Multiculturalism & Cultural Competence for Speech Language Pathologists

The phenomenon of multiculturalism reflects a discussion about how to understand and respond to varying perspectives related to cultural diversity based on nationality, ethnic and religious differences. The term “multicultural” is often used as a descriptive term to characterize the fact of diversity in a society. In multicultural communities, individuals celebrate, retain, and share their unique cultural ways of life, languages, and traditions.

To be more culturally aware of individuals and clients, their communication styles, and cultural heritage, speech language pathologists can seek to learn about various cultures to maximize active participation and progress in providing therapy for their clients.

It is critical to emphasize the importance of cultural understanding and appreciation. One’s cultural heritage is the legacy of physical tangible artifacts and intangible attributes of various individuals within society. It may include works of art, monuments, oral traditions, performing arts, or cultural festivals.

On the other hand, culture is the customs, traditions, and way of life for a shared group of people. Culture can be known as an art form and an expression of someone’s identity, shared through communication, music, dance, artwork, pictures, photography, paintings, poetry, books, etc.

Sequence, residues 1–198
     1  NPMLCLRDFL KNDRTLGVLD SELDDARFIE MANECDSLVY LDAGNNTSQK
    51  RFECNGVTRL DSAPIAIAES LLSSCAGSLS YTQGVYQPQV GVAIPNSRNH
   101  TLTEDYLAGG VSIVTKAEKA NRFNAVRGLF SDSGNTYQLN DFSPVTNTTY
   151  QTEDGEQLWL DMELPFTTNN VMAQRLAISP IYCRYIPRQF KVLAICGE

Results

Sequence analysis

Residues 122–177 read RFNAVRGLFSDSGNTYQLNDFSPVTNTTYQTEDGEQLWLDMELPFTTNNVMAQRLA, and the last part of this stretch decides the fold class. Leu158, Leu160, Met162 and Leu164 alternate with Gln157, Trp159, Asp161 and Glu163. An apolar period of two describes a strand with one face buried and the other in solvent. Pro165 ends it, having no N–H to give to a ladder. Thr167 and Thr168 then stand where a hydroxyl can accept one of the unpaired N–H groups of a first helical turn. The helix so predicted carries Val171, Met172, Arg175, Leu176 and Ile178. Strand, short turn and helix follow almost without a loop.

Through embracing multiculturalism, society is enriched by respecting, preserving, and incorporating cultural diversity. The persistence of culture is what makes each individual client unique and speech language pathologists may utilize a client’s interests into weekly speech/language therapy sessions.

ASHA states that “Cultural and linguistic competence is as important to the successful provision of services as are scientific, technical, and clinical knowledge, and skills.” Speech pathology services must be respectful and responsive to the needs of clients. This includes treating each client individualistically. Each client has different wants and needs. It is critical that speech/language pathologists consider a clients’ desired outcomes and tailor sessions with their interests and functional needs in mind.

Some personal reflection questions to ask yourself as a speech/language pathologist include:

How do you feel about working with individuals or groups that are different from me?

What stereotypes, biases, and fears do I hold of other groups?

How are the expectations that I hold of diverse individuals/groups different from those of people in my own racial/ethnic/cultural group?

How much time and effort am I willing to put into learning about diverse people?

Do you include the clients and their families as partners in developing speech/language therapy goals?

Analyze these questions to improve speech therapy services for diverse clients. Always remember that providing culturally responsive speech/language services is an ongoing process. It is truly a journey of continual learning about children, adolescents, and families and providing optimal and effective evidence- based assessment and therapy services.